"It is a fantastically stupid rule that when followed often has the effect of mangling a sentence. And yet for hundreds of years, schoolchildren have been taught to create disastrously awkward sentences like 'With whom did you go?' The origins of this rule date back to one guy you may have heard of. Of whom you may have heard. Whatever. His name was John Dryden."
Arts Everywhere, which kicked off its second year in April, has drawn the ire of students with public programs and artworks (including painted pianos) spread across campus. Students believe the campus-wide arts celebration disregards the seriousness of research by artists and art historians on campus, obscures systemic bias in Art Department hiring and retention practices, and ignores the pressing need to fix Occupational Safety and Health Administration (OSHA) violations in campus art facilities.
"Versions of the TV news ticker date all the way back to the 1950s, but they didn’t become truly ubiquitous until September 11, 2001. ... The same way a Twitter feed today can transfix people during a crisis, the nation had its eyes glued to the scroll, waiting for the next update. The TV news ticker is a descendent of the stock ticker and grandchild of the 'zipper' news on buildings in Times Square. At the very least, it's also Twitter’s neurotic uncle."
"In the fourth season of Unbreakable Kimmy Schmidt, we learn that Kimmy had a secret friend in the bunker [where she was held captive]: the purple Jansport backpack that she lost at a dance club way back in the very first episode." Kimmy named the pack Jan S. Port, which is played puppeteer by Stephanie D'Abruzzo (of Sesame Street and Avenue Q. "D'Abruzzo spoke to Vulture about auditioning to play an inanimate object, why Jan is like 'a canned ham,' and her character's near-death experience under the dragon cloud."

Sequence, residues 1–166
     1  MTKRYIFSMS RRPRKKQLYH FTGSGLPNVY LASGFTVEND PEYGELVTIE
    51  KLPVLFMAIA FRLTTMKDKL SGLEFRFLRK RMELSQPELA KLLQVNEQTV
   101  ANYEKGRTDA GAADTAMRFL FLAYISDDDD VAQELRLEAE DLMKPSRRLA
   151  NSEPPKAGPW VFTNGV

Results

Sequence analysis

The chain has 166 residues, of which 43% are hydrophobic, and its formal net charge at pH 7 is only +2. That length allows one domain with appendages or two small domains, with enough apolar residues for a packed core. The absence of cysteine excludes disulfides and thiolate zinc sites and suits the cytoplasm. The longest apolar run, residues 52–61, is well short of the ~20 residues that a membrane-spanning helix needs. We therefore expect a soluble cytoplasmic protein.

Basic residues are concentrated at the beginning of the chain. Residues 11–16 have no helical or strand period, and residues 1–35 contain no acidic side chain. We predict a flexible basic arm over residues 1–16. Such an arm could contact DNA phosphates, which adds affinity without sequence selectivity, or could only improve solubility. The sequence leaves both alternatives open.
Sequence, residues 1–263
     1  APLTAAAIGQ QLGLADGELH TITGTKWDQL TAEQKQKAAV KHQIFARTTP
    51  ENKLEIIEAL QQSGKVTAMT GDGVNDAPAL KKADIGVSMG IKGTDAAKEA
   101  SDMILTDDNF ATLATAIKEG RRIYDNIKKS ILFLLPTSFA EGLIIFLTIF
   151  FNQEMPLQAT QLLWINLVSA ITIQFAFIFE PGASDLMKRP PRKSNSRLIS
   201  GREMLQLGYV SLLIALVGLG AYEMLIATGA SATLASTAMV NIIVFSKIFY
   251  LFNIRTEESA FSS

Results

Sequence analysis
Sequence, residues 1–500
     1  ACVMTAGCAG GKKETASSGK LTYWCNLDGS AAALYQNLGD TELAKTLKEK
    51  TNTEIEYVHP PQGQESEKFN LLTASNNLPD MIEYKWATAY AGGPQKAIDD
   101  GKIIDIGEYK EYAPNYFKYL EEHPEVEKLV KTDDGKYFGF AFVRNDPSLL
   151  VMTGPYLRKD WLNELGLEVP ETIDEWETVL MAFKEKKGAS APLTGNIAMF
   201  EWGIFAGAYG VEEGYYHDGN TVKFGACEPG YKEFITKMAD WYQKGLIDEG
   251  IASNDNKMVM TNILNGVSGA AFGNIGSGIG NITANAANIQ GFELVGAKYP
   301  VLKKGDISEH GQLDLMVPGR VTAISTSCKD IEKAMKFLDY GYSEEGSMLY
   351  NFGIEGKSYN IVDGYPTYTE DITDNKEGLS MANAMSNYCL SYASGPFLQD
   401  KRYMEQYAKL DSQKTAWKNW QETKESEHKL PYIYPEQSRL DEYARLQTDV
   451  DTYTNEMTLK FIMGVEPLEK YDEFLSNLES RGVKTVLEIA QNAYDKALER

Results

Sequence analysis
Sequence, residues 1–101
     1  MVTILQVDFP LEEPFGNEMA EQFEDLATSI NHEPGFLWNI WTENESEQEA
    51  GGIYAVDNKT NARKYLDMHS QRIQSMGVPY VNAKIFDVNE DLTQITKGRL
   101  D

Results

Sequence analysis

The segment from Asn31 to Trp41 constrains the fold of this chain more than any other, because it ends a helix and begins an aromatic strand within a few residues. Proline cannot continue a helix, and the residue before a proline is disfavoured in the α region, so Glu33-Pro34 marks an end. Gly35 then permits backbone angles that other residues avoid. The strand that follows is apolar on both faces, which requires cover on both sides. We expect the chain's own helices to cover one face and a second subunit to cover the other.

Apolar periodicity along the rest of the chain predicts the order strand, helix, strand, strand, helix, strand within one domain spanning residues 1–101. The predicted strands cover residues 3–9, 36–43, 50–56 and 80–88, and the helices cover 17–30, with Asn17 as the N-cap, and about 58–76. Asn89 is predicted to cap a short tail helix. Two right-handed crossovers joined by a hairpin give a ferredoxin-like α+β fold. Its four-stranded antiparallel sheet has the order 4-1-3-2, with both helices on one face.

"Richard II is God's anointed representative on earth, but by the end of the play that bears his name, he’s dead and his cousin sits on his throne. This is the story of how Shakespeare used English history to ask still-relevant questions about legitimacy, and about how a performance of Richard II played a role in the last aristocratic rebellion against the English crown." (podcast)
George Gelles, the former executive director of San Francisco's Philharmonia Baroque Orchestra and a lifelong (though never pro) French horn player, writes about taking part in the Be Phil Orchestra, 101 non-professional musicians from the world over, chosen by online audition, who spent a week getting coached by members of the Berlin Philharmonic, rehearsing and performing Brahms's First Symphony under Simon Rattle.
Clea Simon: "Contemporary jazz ... is full of journeymen female musicians. ... An internationally touring ensemble, [Wynton] Marsalis's band is the flagship jazz orchestra of the day, the one that he is using to establish the importance of jazz around the world. Taking the stage with 15 musicians, none of whom is female, presents the music as segregated and outdated."
"Visitors to the Mauritshuis in The Hague ... [will] have the opportunity to see conservators in action, when two specialists embark on a project to clean the oldest work in the Dutch museum's collection: The Lamentation of Christ (around 1460-64) by Rogier van der Weyden and his studio. The treatment, due to be completed by the end of the year, will take place in a special studio in the institution's exhibition galleries."
Both the utilitarian and the intrinsic arguments ignore the growing evidence that logic arguments, of which both utilitarian and intrinsic - though a little less for the intrinsic camp - use, aren't the kinds of arguments that are the most persuasive. Emotional appeals work best, in part, because the content of the argument is often secondary to the emotion it elicits, and often that depends on how the argument is delivered. Click here for some quotes on why emotion works better than logic in certain kinds of arguments.